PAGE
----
ANALYSIS

ESG seeks meaningful relationship with performance

ESG data is noisy, which means the probability of finding a significant relationship is less," says Georgios Serafeim.

Research on environmental, social and corporate governance (ESG) and investments has advanced in rigour, coverage and volume, but data quality, and the problems of reverse causality are still concerns for academics looking for a meaningful relationship between ESG factors and investment performance.

A fundamental question about responsible investment is whether using ESG information enhances investment performance. Georgios Serafeim, assistant professor of business administration at Harvard Business School, says there have been many attempts to connect ESG and investment performance, but for him the quality of data remains the main barrier to any really conclusive outcome.

“Compared to the integrity of financial accounting with its data, auditing, mechanisms and measuring systems, ESG data is noisy, which means the probability of finding a significant relationship is less – it’s econometrics 101,” he says.

Jane Ambachtsheer, partner and global head of responsible investment at Mercer, agrees.

“In the past few years this has been a growing area of academic study and it has expanded in coverage across different asset classes. There is evidence to show there is not a performance penalty, but it is harder to make clear-cut the case in support of the positive investment case. There are still a lot of issues around quality of information and data,” she says.

Quality research counts

Ambachtsheer and Serafeim were speakers at a United Nations-backed Principles for Responsible Investment (UNPRI) academic-run webinar, which brought together academics and practitioners to discuss the developments in ESG investment studies and integration since the United Nations Environment Program Finance Initiative (UNEPFI) released its seminal 2007 report Demystifying Responsible Investment Performance.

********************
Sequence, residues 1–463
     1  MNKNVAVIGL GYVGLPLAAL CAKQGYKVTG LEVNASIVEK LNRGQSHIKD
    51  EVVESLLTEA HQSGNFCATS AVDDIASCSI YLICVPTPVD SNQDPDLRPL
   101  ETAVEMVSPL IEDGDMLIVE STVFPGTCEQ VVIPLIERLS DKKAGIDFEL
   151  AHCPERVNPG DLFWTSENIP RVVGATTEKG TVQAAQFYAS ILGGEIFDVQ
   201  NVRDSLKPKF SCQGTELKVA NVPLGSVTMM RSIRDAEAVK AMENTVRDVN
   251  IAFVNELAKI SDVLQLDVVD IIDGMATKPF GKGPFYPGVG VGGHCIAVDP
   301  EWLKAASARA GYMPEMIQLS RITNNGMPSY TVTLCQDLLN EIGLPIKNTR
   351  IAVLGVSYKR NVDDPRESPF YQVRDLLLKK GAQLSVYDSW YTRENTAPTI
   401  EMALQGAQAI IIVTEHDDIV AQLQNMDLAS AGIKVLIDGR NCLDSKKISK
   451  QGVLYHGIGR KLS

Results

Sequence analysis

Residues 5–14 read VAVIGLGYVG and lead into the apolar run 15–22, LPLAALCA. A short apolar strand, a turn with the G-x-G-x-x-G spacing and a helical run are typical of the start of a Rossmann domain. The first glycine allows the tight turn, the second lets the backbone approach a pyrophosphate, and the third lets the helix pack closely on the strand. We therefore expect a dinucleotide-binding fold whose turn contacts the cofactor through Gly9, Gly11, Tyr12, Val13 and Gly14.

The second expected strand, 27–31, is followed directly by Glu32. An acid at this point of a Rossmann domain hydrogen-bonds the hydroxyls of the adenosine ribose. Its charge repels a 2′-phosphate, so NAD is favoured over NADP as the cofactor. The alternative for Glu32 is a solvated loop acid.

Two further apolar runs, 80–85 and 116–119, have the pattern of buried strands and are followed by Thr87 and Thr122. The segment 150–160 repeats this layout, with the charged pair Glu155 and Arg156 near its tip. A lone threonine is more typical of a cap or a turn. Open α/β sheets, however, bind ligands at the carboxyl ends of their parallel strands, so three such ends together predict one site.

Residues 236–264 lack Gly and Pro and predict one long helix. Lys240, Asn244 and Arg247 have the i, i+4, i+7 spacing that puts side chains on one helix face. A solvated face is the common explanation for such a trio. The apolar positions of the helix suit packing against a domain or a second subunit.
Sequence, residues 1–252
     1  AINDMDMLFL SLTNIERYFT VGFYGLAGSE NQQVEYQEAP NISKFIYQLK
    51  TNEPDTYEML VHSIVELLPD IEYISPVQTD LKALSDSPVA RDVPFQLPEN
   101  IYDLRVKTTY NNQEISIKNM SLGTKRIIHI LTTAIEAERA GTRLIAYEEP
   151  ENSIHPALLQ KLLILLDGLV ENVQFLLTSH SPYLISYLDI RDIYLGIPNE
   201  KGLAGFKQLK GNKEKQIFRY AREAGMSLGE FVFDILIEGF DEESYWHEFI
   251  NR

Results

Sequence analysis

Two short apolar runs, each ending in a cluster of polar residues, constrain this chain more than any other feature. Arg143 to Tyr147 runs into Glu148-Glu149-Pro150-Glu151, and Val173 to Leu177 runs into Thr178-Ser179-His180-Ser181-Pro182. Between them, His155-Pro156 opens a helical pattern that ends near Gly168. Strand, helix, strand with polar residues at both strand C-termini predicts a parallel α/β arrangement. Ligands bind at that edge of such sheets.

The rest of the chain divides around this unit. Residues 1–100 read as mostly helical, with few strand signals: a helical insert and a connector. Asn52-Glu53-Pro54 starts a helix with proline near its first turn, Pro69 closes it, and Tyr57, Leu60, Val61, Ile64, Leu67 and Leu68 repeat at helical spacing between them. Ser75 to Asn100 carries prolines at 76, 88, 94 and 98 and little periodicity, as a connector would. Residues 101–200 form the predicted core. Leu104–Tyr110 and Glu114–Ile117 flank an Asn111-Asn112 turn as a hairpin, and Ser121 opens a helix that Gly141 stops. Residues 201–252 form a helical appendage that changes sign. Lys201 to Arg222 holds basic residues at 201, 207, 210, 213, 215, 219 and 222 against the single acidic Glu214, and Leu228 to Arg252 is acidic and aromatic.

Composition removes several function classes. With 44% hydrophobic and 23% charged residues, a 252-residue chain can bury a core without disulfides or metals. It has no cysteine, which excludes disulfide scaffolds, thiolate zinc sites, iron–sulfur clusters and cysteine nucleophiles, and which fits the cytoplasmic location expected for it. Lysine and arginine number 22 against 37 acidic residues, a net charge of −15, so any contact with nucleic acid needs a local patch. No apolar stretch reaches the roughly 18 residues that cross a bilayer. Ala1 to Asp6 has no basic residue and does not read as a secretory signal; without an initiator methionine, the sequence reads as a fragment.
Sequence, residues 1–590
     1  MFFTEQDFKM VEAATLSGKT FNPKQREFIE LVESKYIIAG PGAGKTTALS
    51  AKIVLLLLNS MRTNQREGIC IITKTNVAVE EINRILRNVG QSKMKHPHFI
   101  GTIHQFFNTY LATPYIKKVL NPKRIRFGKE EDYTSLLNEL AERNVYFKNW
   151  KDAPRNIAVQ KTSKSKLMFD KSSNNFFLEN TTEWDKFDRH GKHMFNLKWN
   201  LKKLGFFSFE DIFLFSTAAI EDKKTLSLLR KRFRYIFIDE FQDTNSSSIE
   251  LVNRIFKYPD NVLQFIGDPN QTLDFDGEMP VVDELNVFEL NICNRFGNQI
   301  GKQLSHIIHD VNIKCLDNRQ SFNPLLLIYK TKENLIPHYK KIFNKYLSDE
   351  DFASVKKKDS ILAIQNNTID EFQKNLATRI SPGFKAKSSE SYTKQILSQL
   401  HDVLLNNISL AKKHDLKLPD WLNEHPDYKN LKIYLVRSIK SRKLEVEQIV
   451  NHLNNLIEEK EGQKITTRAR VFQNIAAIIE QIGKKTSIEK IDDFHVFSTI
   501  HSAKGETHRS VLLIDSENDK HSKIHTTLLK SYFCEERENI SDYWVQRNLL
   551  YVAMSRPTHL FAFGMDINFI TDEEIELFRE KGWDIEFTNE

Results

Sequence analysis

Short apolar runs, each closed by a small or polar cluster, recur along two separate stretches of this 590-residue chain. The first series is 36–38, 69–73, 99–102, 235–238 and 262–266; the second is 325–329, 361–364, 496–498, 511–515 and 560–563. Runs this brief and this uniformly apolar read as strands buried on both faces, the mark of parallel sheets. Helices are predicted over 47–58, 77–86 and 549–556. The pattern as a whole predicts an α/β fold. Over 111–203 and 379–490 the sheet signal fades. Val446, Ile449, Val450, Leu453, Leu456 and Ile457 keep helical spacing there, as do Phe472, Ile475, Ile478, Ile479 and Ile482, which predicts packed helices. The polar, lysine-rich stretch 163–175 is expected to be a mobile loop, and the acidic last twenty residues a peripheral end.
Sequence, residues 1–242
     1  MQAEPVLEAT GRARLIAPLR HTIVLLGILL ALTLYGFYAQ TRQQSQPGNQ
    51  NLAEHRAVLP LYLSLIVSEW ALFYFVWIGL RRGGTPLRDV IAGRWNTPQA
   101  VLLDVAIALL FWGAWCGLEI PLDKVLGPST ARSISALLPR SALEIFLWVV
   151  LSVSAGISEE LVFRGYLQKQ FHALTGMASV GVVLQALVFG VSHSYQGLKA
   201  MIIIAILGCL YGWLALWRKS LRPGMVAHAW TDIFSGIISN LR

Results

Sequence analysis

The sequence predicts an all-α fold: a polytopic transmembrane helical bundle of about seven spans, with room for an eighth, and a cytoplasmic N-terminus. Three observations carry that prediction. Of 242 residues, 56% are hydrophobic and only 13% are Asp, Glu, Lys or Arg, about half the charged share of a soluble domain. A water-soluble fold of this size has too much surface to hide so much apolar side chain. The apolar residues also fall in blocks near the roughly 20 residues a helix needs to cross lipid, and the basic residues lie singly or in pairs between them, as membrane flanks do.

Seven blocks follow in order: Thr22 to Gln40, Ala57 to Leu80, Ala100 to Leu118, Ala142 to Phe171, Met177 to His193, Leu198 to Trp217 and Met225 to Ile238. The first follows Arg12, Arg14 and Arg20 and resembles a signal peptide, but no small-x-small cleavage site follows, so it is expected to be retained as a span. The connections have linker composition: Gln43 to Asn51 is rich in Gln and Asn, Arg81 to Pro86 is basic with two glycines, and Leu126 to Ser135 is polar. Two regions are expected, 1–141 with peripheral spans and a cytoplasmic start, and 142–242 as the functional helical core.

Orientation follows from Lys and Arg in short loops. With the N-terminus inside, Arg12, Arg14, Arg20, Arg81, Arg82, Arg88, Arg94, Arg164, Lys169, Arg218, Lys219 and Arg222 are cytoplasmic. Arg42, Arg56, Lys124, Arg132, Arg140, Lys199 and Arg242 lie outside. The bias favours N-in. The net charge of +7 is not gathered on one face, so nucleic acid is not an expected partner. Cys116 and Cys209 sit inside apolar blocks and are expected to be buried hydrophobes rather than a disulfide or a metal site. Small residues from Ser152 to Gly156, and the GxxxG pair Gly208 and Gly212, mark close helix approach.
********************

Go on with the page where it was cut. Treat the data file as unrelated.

A paper by Sweden’s Seventh National Pension Fund (AP7), which reviewed an additional 21 academic studies published after UNEPFI’s report, was also presented at the webinar. It focuses only on environment and social and omits governance studies.

The results of this review, The Performance of Socially Responsible, reinforce that there is nothing to suggest that responsibility for environmental and ethical issues in asset management in general either raises or lowers returns.

Two thirds of the studies in this report state that there is no obvious connection. And in the last third, five studies suggest a positive correlation while three point to a negative correlation.

With regard to AP7’s study, Ambachtsheer says funds labelled as Socially Responsible Investment (SRI) are a legitimate area of study, but it is difficult to compare across ESG as a screen of decision-making and ESG as an investment screen.

“From a fiduciary perspective the study provides comfort that you’re not destroying value. But it doesn’t answer whether ESG factors hold the key to better risk/return outcomes,” she says.

For Serafeim, it also highlights the problem that even when a relationship is documented it might be statistically significant but not economically so.

“There may be a certain effect and when you scale it by a standard error, it is a relatively big effect, but economically it’s not that significant.”

Serafeim also believes that when it comes to the academic study of ESG and investment performance there is a possible case of ‘reverse causality’.

“It’s a difficult one to solve. There could be a case of reverse causality, where financial performance is causing ESG, not the other way. This affects what you can take from the results.”

Patience will pay for performance

Serafeim presented at the webinar with his colleague Bob Eccles, professor of management practice at Harvard Business School.

They believe there needs to be more patience in the field and that material results will take a long time to appear.

“People want the answer before the experiment,” Eccles says. “Longer time frames are needed to measure the impact of ESG and performance.”

“It is hard to believe there will be a relationship between a rating and earnings of next year’s stock returns. It is hard theoretically to understand why there should be a relationship between them. It is not a fixed time but certainly not over one year, maybe five, seven or 10 years. A long-term perspective is needed – it is about long-term performance – and this leads back to why studies don’t find anything.”

Time will help heal the problems of reliable data too, says Eccles, pointing to the evolution of accounting standards over a 75-year time period.

However, as Ambachtsheer points out, perhaps the information asymmetry is also a period of opportunity, as information is at a premium. Research is already underway to supply this demand.

Recent work by Frank Figge and colleagues helps to assess data quality and studies on how investors use sustainability information by Anna Young at the University of Sydney Business School, DanielBeunza at the London School of Economics and Fabrizio Ferraro at IESE Business School are worthy examples. This type of work will help us to unravel the performance question and establish links realbetween ESG and investment.

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